How to Talk to My Child About Their Facial Paralysis Condition
Facial paralysis sometimes affects children. In fact, research indicates approximately 70% of pediatric facial paralysis cases involve Bell’s palsy, a condition that causes unilateral facial weakness.
Pediatric Bell’s palsy may occur due to facial trauma, salivary gland inflammation or tumors, among other reasons. Yet pediatric Bell’s palsy and other forms of facial paralysis in children are generally treatable.
At The Facial Paralysis Institute, Dr. Babak Azizzadeh offers facial paralysis treatments for both kids and adults. As a world-renowned facial plastic and reconstructive surgeon, Dr. Azizzadeh understands that no two facial paralysis patients are exactly alike, regardless of age. Thus, Dr. Azizzadeh develops a personalized facial paralysis treatment for each patient to ensure that he or she can achieve long-lasting results.
Additionally, Dr. Azizzadeh guides facial paralysis patients throughout the treatment process. He even offers tips to help parents talk to their kids about facial paralysis, and these tips include:
1. Provide Comfort and Reassurance
There are more than 100 known causes of facial paralysis in kids. Regardless of why a child experiences facial paralysis, a parent’s role is to provide comfort and reassurance to him or her at all times.
For parents, tell a child that he or she is loved no matter what happens – and do so frequently. This allows a parent to lay the foundation for a loving relationship with his or her child. It also increases the likelihood that a child may start to feel comfortable going to a parent to discuss a variety of topics – even his or her facial paralysis symptoms.
2. Offer Information in Small Doses
Pediatric facial paralysis is a complex topic. As a parent, it is important to educate and inform a child about facial paralysis. At the same time, it is crucial not to overwhelm a child with too much information at once.
Oftentimes, it helps to break up facial paralysis information into small bits. Taking a few minutes each day to explain facial paralysis and the symptoms associated with it may be beneficial for both a child and parent. In this scenario, a parent can provide a few facts and insights about facial paralysis to his or her child every day. Then, a child can digest facial paralysis information and respond with any concerns or questions.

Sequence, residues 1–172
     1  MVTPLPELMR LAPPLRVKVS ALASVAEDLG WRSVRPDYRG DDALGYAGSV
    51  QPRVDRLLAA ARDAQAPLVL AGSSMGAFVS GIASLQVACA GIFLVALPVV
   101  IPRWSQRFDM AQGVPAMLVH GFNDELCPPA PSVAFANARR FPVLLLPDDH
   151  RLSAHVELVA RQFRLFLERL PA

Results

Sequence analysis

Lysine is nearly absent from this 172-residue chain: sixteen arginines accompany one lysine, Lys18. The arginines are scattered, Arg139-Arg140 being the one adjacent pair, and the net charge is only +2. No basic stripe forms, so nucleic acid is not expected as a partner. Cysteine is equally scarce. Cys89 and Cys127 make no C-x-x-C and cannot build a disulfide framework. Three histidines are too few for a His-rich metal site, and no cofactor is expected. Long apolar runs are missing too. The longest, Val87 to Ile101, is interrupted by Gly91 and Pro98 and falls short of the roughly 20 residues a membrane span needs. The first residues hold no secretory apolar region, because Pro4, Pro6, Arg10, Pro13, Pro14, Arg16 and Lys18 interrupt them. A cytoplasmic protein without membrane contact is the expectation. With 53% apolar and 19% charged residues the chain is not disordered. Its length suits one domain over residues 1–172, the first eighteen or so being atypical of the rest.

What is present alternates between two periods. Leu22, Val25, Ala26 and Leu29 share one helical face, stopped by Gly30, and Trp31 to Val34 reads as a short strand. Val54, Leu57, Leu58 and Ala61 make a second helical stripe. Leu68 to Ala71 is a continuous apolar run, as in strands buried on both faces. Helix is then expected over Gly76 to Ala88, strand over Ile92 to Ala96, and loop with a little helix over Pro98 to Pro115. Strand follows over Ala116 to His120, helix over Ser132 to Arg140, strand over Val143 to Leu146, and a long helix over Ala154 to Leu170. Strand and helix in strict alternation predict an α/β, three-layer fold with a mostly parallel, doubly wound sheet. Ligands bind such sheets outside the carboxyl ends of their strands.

3. Be Clear and Concise
Facial paralysis jargon is unlikely to do a parent or his or her child any favors. Instead, a parent should define facial paralysis in terms that his or her child can easily understand.
If a parent is uncertain about different facial paralysis terms, Dr. Azizzadeh can help. Dr. Azizzadeh is happy to define assorted facial paralysis terms. That way, a parent can use these insights to provide a clear, concise facial paralysis explanation to his or her child.
4. Use Your Instincts
Ultimately, a parent knows his or her child better than anyone else. Thanks to parental instincts, any mother or father can determine the best time and place to discuss facial paralysis with a child.
If a parent notices a child seems anxious, for example, it may be best to avoid a conversation about facial paralysis at this time. On the other hand, if a child approaches a parent about his or her difficulties with smiling or making other facial expressions, this may prove to be an ideal time to begin a dialogue about facial paralysis.
5. Be Patient
There is no timeline to provide a child with information about facial paralysis. Kids of all ages may experience facial paralysis, and much in the same vein, children may learn about facial paralysis at different points in their lives.
The best time to talk to a child about facial paralysis is usually when he or she can fully understand the condition and its immediate and long-term ramifications. If a parent believes that time has not yet arrived, he or she should be patient. In the meantime, a parent can learn about all aspects of facial paralysis. And when the moment arrives to teach a child about facial paralysis, this parent will be ready to do just that.
6. Show your child there are other children with facial paralysis too
Most people have never met anyone else dealing with facial paralysis so they feel very alone. Sharing videos of other children with facial paralysis can be very comforting to a child.
Here are a few videos of our young patients with facial paralysis:
Pediatric facial paralysis is problematic. Fortunately, Dr. Azizzadeh offers pediatric facial paralysis treatments. To set up a pediatric facial paralysis consultation with Dr. Azizzadeh, please contact us today at (310) 657-2203.
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